Change management toolbook

Purpose: To provide more than 120 tools and techniques for managing “the people side of change processes” in personal, team and larger systems change.

Description: There are three major sections covering:

  • personal change
  • change in teams, especially in ways of working together
  • larger systems change, mostly focused on organisations.

Some tools are able to be used for more than one type of change.

Personal change tools address “the skills, behaviours and belief systems the members of a system will need to be part of the change effort.” There are two types of tools – those that help individuals think outside the box and those useful for personal growth, including thinking about personal vision and goals, as well as how to remove barriers to achieving them.

Team change tools aim to help teams perform at their peak. There are two types of tools – those that “deal with different perceptions of reality within social relationships” and those that create a spirit in which teams can learn together.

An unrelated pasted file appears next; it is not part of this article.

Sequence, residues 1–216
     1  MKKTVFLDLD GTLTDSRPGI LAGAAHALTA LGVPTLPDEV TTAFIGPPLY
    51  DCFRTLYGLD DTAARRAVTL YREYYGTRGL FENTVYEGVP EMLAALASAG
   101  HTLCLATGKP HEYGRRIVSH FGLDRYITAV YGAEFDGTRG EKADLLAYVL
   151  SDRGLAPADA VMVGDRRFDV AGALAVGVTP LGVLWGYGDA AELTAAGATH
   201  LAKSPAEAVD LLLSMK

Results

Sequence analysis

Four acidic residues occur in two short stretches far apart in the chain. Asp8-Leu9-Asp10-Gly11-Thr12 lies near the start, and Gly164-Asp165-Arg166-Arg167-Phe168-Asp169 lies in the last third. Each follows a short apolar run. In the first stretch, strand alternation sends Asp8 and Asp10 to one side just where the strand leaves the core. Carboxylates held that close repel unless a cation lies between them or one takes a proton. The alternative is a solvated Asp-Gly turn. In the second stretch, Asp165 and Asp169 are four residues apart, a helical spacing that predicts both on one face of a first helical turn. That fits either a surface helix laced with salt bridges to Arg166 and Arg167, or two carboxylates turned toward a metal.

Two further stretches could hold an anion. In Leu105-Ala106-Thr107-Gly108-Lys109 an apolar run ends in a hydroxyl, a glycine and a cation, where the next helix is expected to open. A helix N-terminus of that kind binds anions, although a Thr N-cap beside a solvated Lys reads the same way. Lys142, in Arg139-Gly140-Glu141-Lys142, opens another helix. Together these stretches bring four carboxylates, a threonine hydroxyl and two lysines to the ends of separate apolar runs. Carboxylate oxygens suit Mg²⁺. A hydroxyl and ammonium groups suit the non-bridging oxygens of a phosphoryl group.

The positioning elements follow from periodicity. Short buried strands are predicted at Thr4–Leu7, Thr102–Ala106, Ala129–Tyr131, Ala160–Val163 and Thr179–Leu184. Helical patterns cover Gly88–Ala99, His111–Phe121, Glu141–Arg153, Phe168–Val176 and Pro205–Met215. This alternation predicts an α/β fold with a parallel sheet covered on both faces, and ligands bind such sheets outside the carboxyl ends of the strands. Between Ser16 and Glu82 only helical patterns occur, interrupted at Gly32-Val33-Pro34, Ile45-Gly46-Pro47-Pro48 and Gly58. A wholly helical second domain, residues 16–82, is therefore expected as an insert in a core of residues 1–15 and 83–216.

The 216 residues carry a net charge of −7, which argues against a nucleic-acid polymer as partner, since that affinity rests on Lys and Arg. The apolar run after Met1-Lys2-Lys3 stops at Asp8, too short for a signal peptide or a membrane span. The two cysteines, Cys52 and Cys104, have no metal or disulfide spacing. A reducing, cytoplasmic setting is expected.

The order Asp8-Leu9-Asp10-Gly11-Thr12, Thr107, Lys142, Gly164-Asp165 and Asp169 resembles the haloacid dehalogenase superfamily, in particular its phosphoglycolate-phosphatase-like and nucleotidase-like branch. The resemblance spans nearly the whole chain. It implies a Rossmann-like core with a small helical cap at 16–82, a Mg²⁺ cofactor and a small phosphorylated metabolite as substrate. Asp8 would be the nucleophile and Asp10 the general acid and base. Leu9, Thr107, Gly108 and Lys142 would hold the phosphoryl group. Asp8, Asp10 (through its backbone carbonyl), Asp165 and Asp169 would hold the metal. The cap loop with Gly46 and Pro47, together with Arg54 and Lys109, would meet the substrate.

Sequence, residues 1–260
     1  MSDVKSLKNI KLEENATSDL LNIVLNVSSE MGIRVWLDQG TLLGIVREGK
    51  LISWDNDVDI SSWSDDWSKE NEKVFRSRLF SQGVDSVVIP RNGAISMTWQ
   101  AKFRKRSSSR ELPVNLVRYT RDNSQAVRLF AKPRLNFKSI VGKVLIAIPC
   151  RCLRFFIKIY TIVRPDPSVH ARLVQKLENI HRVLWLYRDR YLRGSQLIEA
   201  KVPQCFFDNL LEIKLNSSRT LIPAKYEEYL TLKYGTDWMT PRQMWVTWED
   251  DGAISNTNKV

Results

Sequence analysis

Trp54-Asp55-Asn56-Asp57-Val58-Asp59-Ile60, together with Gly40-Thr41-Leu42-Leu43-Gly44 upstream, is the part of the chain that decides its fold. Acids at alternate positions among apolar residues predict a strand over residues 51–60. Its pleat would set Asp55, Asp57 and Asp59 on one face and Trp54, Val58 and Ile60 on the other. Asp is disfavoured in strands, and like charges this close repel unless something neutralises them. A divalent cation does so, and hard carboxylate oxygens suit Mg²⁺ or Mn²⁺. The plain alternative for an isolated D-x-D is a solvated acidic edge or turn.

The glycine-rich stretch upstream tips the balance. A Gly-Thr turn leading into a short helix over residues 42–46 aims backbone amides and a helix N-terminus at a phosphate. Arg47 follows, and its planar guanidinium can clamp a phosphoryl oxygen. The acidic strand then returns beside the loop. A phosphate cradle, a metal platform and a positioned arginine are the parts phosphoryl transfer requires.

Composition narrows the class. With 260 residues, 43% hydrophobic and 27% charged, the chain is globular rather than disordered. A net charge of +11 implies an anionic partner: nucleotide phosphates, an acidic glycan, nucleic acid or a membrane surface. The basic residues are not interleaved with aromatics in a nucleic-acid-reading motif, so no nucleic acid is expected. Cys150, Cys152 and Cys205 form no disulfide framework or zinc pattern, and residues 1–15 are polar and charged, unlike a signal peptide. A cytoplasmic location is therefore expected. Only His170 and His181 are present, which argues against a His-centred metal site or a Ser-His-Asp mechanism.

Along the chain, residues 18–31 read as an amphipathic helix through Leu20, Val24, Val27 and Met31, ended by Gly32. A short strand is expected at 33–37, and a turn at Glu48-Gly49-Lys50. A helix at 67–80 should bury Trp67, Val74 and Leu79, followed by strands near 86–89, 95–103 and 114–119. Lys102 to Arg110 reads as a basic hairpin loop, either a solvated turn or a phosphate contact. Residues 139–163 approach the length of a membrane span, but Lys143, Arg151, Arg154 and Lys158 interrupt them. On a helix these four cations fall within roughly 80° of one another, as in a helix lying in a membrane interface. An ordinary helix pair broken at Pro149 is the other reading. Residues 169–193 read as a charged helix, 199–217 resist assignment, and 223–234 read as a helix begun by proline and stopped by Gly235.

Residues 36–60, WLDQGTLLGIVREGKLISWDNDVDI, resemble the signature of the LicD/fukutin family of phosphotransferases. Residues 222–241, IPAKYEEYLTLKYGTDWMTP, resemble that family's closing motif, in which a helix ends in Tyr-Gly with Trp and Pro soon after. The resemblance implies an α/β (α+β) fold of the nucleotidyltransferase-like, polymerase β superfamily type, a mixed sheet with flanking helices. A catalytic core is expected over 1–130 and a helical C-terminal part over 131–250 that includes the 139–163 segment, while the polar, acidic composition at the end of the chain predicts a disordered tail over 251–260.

Larger systems tools are directed towards an organisation, community, region or entire society and provide tools to: 1) understand the core principles and resources of the larger system, 2) identify vision, values and goals, 3) plan in a non-linear reality, 4) understand stakeholders, 5) address the complexity of a system and find leverage for change within a system and 6) work with systems that consist of a large number of actors.

The toolkit contains more than 120 tools, methods and strategies and they are not listed here. Tools included in the toolkit that are provided on this website as i2S resources are:

Reference: Nauheimer, H. (1997). The change management toolbook. A collection of tools, methods and strategies. Open access online at: https://www.change-management-toolbook.com/downloads and at: https://www.change-management-toolbook.com/.

Related tools on this website: see above

Related tools on the i2Insights blog: N/A

Related topics on Wikipedia:

Posted: November 2016
Last modified: January 2020